Courtesy of the Malcolm Gladwell Book Generator

Could Amazon become the victim of its own success? At Salon, Evan Hughes argues that if the internet behemoth puts bookstore chains out of business, then readers will have a hard time learning about new books. Hughes points out that surveys indicate that “roughly 60 percent of book sales—print and digital—now occur online. But buyers first discover their books online only about 17 percent of the time. Internet booksellers specifically, including Amazon, account for just 6 percent of discoveries. Where do readers learn about the titles they end up adding to the cart on Amazon? In many cases, at bookstores.”

On Saturday, Cormac McCarthy turned eighty. The author of Blood Meridian and All the Pretty Horses, McCarthy hasn’t released a novel since 2006. That’s because he’s been working on a screenplay for a movie called The Counselor, about an attorney who gets involved in drug trafficking. The film, which was directed by Ridley Scott, will be out this fall, and a print edition of the screenplay will be available in October.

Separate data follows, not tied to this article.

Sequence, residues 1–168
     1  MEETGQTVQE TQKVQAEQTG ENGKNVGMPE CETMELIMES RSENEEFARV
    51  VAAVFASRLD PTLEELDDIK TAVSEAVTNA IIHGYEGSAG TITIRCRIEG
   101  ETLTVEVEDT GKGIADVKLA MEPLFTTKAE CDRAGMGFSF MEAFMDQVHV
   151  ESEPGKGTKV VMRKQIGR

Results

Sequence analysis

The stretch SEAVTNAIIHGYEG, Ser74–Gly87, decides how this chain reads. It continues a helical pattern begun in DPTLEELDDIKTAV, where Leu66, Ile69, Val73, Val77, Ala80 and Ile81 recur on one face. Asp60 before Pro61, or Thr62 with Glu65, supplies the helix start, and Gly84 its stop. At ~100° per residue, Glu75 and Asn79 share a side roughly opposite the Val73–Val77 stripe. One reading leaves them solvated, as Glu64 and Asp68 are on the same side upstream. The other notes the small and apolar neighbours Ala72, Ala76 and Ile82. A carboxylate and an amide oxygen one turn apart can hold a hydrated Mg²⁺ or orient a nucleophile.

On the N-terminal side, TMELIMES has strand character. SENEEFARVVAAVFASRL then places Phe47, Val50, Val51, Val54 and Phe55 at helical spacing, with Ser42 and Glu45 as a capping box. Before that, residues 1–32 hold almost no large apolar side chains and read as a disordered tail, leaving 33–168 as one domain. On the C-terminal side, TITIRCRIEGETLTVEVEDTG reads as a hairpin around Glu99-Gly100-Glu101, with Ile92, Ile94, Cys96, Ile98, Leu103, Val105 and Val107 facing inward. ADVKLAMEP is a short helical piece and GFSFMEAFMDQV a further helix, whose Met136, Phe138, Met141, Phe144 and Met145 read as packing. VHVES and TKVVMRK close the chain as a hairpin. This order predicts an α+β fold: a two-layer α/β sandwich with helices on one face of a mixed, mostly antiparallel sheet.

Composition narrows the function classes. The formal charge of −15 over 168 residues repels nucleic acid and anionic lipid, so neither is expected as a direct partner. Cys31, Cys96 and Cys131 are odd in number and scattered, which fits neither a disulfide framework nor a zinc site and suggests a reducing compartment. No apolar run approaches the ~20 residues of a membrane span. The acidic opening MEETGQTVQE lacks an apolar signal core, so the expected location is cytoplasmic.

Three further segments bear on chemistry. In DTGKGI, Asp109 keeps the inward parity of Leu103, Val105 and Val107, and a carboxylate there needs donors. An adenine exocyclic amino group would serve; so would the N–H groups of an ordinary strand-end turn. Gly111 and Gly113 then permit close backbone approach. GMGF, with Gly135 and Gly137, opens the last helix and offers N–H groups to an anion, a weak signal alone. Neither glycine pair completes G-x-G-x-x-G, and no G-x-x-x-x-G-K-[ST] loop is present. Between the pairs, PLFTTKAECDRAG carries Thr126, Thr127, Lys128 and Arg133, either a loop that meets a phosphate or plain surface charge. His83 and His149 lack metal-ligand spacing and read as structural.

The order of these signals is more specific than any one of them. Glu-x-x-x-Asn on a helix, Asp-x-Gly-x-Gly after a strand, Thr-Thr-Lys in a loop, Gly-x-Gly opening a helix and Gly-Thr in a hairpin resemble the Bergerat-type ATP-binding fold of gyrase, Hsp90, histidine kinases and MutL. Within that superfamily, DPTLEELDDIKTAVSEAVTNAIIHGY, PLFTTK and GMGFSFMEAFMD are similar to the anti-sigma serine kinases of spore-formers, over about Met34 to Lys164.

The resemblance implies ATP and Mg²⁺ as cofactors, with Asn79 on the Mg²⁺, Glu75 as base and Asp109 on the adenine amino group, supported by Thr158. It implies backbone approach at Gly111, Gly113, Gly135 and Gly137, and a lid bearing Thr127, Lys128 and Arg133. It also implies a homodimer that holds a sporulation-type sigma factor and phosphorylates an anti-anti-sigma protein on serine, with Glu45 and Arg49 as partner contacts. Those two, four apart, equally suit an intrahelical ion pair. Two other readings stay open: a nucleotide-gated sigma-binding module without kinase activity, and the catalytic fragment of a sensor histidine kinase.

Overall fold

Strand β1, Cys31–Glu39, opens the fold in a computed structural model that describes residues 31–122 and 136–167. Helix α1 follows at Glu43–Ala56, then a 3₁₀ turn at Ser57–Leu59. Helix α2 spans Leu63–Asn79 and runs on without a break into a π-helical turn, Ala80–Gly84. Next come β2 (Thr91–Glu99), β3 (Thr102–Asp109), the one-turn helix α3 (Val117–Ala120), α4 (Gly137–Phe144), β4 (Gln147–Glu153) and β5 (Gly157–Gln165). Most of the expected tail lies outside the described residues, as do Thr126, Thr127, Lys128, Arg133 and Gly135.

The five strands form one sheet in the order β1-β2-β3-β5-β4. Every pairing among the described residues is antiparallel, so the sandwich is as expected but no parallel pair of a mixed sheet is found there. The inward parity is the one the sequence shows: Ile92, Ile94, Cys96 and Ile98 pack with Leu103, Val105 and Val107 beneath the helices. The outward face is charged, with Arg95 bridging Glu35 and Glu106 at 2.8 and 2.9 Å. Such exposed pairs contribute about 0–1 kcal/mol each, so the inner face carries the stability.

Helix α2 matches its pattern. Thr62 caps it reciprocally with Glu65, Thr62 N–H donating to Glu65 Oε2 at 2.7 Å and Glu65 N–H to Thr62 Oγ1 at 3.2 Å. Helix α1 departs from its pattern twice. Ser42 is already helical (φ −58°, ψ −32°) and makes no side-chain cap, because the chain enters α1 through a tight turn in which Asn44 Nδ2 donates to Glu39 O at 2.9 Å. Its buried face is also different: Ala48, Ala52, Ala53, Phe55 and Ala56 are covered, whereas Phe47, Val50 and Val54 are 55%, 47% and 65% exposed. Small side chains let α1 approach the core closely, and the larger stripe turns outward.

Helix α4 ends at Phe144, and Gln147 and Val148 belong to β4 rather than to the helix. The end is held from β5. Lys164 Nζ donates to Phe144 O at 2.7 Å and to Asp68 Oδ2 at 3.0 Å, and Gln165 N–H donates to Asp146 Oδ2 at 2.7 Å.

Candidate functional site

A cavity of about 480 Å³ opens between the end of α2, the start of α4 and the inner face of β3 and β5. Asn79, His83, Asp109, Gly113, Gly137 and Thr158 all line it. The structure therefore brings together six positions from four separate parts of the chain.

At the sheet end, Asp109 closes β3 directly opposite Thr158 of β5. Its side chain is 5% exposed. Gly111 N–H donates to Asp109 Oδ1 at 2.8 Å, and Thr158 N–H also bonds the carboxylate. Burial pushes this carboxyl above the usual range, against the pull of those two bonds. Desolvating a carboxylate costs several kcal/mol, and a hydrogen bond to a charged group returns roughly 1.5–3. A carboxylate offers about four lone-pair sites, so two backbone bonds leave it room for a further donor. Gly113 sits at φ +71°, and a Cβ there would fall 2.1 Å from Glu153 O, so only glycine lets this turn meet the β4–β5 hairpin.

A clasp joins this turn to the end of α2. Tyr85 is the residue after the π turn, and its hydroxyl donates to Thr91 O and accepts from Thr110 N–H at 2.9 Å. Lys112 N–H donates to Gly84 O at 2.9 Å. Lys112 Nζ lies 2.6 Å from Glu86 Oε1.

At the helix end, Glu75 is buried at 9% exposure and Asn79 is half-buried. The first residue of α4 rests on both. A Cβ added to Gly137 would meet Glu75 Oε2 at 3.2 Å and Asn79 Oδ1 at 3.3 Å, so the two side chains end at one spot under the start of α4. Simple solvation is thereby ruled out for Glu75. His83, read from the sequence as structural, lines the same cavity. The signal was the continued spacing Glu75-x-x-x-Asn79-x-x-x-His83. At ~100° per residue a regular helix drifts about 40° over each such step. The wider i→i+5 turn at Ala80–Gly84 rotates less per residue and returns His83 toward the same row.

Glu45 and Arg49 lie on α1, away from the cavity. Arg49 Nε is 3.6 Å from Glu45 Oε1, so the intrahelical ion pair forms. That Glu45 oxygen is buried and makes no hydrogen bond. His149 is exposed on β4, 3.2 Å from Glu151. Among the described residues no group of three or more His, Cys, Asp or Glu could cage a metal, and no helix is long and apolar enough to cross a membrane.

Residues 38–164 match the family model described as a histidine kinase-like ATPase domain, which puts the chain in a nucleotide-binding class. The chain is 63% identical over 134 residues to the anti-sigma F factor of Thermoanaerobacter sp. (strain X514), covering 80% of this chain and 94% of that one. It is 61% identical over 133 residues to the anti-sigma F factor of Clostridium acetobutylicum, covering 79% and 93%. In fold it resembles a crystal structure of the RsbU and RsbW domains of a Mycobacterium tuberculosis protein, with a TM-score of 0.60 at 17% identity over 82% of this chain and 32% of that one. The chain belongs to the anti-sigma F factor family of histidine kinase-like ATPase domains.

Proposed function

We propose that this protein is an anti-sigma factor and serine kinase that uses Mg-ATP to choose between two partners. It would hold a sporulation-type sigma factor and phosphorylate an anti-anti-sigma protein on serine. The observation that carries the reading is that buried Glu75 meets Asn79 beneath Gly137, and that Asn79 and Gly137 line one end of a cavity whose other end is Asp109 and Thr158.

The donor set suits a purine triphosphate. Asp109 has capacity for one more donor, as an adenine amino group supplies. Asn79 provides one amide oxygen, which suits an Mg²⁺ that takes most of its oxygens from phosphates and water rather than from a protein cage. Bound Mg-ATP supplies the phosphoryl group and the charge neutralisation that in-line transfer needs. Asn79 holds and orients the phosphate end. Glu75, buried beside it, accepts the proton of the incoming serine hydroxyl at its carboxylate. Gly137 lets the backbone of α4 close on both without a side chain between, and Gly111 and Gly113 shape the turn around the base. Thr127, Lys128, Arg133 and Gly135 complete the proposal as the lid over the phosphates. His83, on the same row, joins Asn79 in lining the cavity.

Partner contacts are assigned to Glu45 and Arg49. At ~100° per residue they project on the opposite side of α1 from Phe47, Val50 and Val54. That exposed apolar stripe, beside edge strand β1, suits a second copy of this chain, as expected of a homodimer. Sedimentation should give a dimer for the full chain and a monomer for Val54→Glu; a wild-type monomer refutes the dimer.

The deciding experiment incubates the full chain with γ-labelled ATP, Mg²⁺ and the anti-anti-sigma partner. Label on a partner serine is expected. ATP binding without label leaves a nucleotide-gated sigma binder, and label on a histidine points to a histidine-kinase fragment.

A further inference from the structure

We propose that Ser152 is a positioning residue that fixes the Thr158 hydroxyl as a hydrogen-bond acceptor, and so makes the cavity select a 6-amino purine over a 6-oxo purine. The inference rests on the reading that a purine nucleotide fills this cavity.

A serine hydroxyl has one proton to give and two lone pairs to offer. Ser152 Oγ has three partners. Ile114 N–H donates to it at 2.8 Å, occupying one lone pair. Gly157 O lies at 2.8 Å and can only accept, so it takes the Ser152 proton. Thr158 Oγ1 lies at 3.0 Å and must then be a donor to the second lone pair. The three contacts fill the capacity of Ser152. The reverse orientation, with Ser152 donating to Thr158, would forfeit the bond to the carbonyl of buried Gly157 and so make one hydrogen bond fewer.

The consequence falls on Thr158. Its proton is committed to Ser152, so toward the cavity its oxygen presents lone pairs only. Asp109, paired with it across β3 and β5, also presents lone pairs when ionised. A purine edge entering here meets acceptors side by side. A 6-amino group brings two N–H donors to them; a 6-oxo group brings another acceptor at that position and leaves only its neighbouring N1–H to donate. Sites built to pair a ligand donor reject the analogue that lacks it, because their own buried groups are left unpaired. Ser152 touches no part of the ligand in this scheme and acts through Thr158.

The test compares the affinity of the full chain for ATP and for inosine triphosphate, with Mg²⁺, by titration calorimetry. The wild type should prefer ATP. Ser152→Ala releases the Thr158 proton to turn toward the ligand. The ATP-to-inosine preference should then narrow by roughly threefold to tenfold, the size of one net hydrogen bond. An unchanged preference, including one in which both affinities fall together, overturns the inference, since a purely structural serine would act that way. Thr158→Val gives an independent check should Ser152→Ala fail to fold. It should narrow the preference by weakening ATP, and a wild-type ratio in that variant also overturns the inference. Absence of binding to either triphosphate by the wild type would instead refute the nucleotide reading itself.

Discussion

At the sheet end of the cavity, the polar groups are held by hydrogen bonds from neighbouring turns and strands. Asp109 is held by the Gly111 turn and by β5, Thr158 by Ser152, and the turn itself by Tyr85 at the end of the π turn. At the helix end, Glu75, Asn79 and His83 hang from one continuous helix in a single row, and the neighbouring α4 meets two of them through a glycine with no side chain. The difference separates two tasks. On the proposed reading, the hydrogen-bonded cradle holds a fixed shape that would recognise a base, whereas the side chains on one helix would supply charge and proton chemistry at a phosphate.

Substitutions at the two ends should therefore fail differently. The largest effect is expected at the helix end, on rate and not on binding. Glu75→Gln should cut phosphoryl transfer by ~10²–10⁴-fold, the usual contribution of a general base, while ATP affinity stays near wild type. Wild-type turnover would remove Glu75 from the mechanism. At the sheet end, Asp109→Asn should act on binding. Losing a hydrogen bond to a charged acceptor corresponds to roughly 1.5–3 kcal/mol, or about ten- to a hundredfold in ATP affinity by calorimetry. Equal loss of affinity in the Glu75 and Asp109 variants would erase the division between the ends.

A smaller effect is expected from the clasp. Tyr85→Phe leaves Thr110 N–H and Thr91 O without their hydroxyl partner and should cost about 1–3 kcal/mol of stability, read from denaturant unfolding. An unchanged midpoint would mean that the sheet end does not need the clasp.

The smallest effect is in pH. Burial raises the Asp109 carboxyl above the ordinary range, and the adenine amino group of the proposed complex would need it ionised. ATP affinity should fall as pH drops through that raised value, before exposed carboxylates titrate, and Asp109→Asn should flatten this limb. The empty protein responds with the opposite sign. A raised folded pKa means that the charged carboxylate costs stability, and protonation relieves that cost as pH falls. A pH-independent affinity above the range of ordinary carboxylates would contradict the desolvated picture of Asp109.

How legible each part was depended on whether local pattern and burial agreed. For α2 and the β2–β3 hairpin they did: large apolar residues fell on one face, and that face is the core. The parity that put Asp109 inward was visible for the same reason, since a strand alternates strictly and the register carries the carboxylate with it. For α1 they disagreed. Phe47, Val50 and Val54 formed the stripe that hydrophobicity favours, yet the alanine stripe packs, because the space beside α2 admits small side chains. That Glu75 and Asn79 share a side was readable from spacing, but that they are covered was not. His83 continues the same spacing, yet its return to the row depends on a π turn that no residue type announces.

At Flavorwire, Michelle Dean examines the curious phenomenon of the review written by the “white male critic... that seeks to correct certain gender imbalances in literature as a whole, and then ... fails utterly in the attempt.”

A previously unpublished story by a young Joseph Heller, “Almost Like Christmas,” will come out this week in the Strand Magazine.

For your enjoyment: The Malcolm Gladwell Book Generator.

A judge in Mississippi has dismissed a case brought forward by the company that controls the rights to Faulkner’s writing against the film studio that released Woody Allen’s movie Midnight in Paris. The case was filed earlier this year over a line in the movie, in which literary time-traveler Owen Wilson remarks, “The past is not dead. Actually, it’s not even past. You know who said that? Faulkner. And he was right. And I met him, too. I ran into him at a dinner party.” While Faulkner Literary Rights alleged that this was an unauthorized use of the ine from Requiem for a Nun, the judge wasn’t buying it, and in his ruling, remarked that he was "thankful that the parties did not ask the court to compare The Sound and the Fury with Sharknado.”